Exercise Does Lead to Weight Loss – Part 1 of 5

Reading the article by Dan Roberts in the Telegraph today ‘Why your workout isn’t working’ is pretty lame and only shows a sensationalist view backed by poor understanding of the subject matter.


Fact: Exercise combined with healthy eating does lead to successful weight loss and weight maintenance – let me explain.


The NICE (National Institute for Clinical Excellence) 2006 Obesity Guidelines recommend Diet and Lifestyle Interventions combined with Behavioural Therapy as the ‘best’ way to help people lose weight and maintain it. There is a wealth of studies that show, on average, high levels of activity predict successful weight loss.


Roberts uses the Queensland data to start his argument. He focuses on the fact that half of the research participants did not reach their predicted weight loss – he fails to highlight that half of them did! Surely this proves that regular exercise can help SOME people lose weight. Why not others? Well if he bothered to ask an Eating Therapist he would know that this variability in results could be down to Compliance – this is where people say they have followed the instructions, but really they have fallen short along the way. Supervised exercise for 12 weeks is great, but no change to their diet – does this mean that people could eat whatever they wanted. Exercise can affect our physiology in various ways.


Our bodies also have Compensatory Responses to Exercise, which undermine the calorie deficit of exercise within the energy systems of the body. This comes down to individual variability, which is one reason why half the people lost weight in the Queensland research and half did not.


Some people may experience Metabolic Adaptations to energy loss, which means their metabolic rate slows down. When people go on a diet and exercise, this would be a natural phenomenon as people are producing a calorie deficit, with poor eating quality and timing and exercise induced calorie burn. The body will slow its metabolism for protection and will be unwilling to give up its fat stores, with fear that it may be starving.


There are also changes to the appetite system that lead to changes in energy intake. Some people will experience increases in appetite, which will affect eating frequency and portion size. Other people will change their food (macronutrient) preference in favour of high energy density foods such as fats and sugars, which are automatic and unconscious.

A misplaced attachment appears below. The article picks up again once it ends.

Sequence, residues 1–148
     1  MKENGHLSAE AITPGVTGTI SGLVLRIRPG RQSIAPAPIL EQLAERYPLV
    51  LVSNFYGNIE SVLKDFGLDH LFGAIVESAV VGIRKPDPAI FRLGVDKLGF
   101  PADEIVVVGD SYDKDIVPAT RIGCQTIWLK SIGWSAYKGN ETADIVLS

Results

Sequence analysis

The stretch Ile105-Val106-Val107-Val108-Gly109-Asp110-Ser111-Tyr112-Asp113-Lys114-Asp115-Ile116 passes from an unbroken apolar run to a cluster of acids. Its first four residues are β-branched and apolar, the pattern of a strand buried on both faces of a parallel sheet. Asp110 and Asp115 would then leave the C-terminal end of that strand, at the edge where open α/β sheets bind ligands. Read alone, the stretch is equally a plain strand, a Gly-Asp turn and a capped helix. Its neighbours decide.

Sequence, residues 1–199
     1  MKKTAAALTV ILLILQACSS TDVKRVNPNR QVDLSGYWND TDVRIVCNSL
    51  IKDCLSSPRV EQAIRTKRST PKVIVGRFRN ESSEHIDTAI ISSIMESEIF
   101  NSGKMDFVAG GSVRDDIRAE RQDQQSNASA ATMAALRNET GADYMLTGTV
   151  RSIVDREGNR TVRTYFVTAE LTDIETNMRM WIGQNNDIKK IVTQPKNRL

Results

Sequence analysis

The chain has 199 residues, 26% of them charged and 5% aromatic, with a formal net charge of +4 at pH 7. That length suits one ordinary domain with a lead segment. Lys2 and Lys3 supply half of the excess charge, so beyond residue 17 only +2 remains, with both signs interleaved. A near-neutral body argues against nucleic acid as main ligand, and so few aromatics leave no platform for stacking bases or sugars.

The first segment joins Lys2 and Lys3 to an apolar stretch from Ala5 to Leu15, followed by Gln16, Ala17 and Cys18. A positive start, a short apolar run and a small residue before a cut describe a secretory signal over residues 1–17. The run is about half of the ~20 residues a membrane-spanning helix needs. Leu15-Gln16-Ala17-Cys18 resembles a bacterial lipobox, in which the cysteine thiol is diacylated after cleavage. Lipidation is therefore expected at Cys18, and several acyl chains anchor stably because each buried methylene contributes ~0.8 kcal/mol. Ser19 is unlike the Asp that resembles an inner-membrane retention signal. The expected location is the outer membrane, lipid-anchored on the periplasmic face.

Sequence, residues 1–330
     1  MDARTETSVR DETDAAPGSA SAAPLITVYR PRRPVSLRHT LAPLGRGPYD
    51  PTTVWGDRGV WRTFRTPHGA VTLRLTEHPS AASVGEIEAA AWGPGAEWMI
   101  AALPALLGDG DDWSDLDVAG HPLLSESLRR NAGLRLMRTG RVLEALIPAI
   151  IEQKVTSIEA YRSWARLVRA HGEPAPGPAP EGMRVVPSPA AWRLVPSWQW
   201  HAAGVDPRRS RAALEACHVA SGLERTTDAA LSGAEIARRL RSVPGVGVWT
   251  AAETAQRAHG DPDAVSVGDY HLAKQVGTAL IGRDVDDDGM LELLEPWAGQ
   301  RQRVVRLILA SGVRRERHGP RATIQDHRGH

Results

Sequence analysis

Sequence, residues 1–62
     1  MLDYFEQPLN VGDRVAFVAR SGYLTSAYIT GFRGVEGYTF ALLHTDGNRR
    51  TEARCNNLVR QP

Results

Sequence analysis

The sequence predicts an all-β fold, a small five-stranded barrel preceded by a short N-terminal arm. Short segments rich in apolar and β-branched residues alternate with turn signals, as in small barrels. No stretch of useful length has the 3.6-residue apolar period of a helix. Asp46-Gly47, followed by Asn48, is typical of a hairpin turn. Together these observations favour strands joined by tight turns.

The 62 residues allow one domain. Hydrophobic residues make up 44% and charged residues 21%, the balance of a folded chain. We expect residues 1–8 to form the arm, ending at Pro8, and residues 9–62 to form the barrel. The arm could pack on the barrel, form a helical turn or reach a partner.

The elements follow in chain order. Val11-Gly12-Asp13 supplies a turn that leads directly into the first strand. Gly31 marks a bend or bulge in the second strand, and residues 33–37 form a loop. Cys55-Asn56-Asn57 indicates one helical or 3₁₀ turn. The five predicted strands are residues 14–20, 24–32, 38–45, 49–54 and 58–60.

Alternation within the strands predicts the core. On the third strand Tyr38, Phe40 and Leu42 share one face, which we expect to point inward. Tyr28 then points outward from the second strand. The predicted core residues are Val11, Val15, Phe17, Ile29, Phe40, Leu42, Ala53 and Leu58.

The study also fails to mention the degree of Obesity each participant was classified at (there are Obesity levels 1-3) and whether they had full blood screens to determine whether they suffer from Insulin Resistance, which can also be described as being pre-diabetic. These individuals are unable to metabolise carbohydrate very well, and actually require exercise to change the ‘shimmer’ of the muscle cells to allow efficient glucose transport. The research does not seem to consider this as a reason for the data split.


My point here is to make sense of weigh loss research that is taken out of context and sensationalised by headline grabbing articles.


Exercise can and will lead to weight loss, but everyone is different, so one prescription will not be right for everyone. Effective weight loss will come from experts who are trained in understanding the ‘big picture’ of metabolism, the psychology of eating, healthy nutrition and the correct balance of exercise.


I got the balance right for Gary Barlow, and well, he’s looking great!


Over the next few days I will explain the Behavioural Change Compensatory Responses to Exercise, as well as describing the ideal exercise regime and optimal diet for Weight Loss. So please stay tuned and tell me what you think to my argument.






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